WestJet flight attendants claim they're paid less than minimum wage
Some WestJet flight attendants are claiming the airline routinely pays its cabin crew less than minimum wage, since they are only paid for the amount of time they spend in the air, not their time at work.
For instance, cabin crew on a one-hour flight from Calgary to Vancouver could end up working a four-hour shift from the time they arrive at the Calgary airport to the time they leave the Vancouver airport.
WestJet would pay the flight attendant for one hour of flying time — so a rate of $26 per hour spread out over the four hours they were physically on the job turns into $6.50 an hour for that type of shift, they say. That's well below the minimum wage in both Alberta ($13.60) and British Columbia ($11.35).
Full-time flight attendants have a starting wage of $25.29 per hour of flying time, and the maximum wage is $47.50 per hour. Based on the expectation of around 80 flying hours a month, an annual base salary begins at about $24,500 and tops out at about $46,500.
"Somebody out of high school will look at $25 and think that's fantastic, not understanding that's per flying block hour, not duty hour," one flight attendant said.
"Everyone is talking about minimum wage increases and are up in arms about Tim Hortons workers who deserve better. What about the person who is responsible for your safety on an aircraft? Yes, they serve you coffee most of the time, but that's not really their job."
Total compensation 'generous,' airline says
Flight attendants at the Calgary-based carrier have tried for several years to unionize — a drive that has renewed energy following the unionization of pilots, who are currently negotiating their first contract.
WestJet declined requests for an interview and did not respond to requests for clarification, information or comment.
In a statement to CBC News, WestJet said it "provides our cabin crew members with a salary and compensation package that offers [a] variety of unique features."
WestJet provides full-time cabin crew members with benefits, an optional share-purchase program and profit-sharing when the airline is profitable.
"WestJet profit-sharing is among the best in the entire airline industry," the statement said. "We believe that our total compensation to our cabin crew is generous and compares very favourably to carriers of a similar size."
The way WestJet pays its flight attendants could be in violation of federal labour rules, which stipulate companies in federally regulated industries such as aviation have to pay employees for all work.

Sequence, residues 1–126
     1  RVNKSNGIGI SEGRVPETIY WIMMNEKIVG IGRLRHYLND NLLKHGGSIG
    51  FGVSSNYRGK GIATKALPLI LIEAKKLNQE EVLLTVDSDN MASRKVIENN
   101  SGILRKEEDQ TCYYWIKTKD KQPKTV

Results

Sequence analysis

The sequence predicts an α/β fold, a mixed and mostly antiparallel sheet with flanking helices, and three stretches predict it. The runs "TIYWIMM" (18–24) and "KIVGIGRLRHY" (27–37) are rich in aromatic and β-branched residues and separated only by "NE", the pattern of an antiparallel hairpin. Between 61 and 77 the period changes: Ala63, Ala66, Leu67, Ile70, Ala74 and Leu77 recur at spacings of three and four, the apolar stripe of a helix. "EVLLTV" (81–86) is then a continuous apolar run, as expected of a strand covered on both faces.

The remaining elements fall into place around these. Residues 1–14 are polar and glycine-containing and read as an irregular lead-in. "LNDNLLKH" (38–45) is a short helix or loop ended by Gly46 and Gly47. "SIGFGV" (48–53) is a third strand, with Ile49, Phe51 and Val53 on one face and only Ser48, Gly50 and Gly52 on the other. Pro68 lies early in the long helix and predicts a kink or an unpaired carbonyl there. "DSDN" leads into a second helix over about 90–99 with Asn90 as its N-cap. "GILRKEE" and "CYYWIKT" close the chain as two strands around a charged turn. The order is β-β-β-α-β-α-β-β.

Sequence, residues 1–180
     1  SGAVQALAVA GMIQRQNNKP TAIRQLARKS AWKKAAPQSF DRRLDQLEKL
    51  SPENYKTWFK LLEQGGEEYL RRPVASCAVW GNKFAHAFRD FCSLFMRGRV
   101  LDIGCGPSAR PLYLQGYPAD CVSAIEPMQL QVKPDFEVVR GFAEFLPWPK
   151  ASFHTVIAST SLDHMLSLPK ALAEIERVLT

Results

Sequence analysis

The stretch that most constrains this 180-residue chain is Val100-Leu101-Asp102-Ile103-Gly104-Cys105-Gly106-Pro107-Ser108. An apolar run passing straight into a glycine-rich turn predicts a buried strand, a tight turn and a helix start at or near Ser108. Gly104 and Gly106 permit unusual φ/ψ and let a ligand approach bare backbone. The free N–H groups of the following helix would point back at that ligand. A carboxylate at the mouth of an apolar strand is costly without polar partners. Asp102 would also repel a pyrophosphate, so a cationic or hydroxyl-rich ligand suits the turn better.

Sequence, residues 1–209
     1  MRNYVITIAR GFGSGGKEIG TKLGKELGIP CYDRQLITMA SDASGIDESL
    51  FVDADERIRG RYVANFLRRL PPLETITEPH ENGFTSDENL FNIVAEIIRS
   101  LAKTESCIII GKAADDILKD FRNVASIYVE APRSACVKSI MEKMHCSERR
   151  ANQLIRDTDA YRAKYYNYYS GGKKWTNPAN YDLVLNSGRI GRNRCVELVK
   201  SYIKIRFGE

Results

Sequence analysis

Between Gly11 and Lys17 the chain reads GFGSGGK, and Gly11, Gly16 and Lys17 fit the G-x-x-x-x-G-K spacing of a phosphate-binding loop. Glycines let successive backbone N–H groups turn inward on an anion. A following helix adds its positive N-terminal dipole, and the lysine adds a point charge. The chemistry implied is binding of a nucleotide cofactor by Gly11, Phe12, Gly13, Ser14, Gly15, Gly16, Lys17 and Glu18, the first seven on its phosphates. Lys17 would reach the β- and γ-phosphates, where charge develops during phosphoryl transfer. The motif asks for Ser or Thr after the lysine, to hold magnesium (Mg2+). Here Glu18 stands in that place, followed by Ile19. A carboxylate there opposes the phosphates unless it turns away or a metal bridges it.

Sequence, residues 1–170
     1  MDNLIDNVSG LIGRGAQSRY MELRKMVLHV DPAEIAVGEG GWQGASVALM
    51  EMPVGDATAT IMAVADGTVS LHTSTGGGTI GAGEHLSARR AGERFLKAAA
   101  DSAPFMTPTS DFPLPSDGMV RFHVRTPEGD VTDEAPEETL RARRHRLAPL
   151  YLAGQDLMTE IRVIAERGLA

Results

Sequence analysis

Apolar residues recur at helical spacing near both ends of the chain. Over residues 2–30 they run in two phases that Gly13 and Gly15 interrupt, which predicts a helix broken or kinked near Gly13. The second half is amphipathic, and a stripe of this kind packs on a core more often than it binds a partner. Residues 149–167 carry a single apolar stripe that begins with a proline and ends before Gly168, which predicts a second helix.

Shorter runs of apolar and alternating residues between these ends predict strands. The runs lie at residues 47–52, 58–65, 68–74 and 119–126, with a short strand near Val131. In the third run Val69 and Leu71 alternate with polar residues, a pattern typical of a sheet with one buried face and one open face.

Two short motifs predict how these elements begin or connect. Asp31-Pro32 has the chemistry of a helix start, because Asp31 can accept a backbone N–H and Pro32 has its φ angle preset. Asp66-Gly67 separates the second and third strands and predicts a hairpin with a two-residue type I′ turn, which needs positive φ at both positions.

"The employer has an obligation to pay the employee for all hours worked and not for just one activity at work," Olivier Bouffard, spokesperson with federal labour department, said in a statement. "Hours spent by an employee at the employer's disposal on the worksite, such as preparing for the flight and cleaning the plane, are considered hours of work and they should be paid their hourly rate."
So far, the labour department has not received any formal complaints from WestJet flight attendants. Bouffard wouldn't say whether WestJet is breaking any rules.
The Canadian Union of Public Employees (CUPE) said it is looking into whether federal labour rules are being broken. "That's a possibility and something we're exploring," said David Fleming, a CUPE representative who has been working for about a year to unionize WestJet flight attendants.
Fleming would not provide numbers or timelines about how the drive is progressing besides saying "things are going well."
He said challenges at the airline include turnover among flight attendants, and the difficulty of connecting with cabin crew members, who by the very nature of their jobs are in transit much of the time.
The flight attendants who spoke to CBC News say they don't want to quit their jobs because they appreciate the flexibility the position provides and they would lose their seniority if they joined a different airline.
Correction : A previous version of this story stated WestJet flight attendants are not paid for days they are on call but not requested to work. In fact, WestJet does pay cabin crew members who are on call, whether they are requested to work that day or not.(Mar 16, 2018 12:17 PM)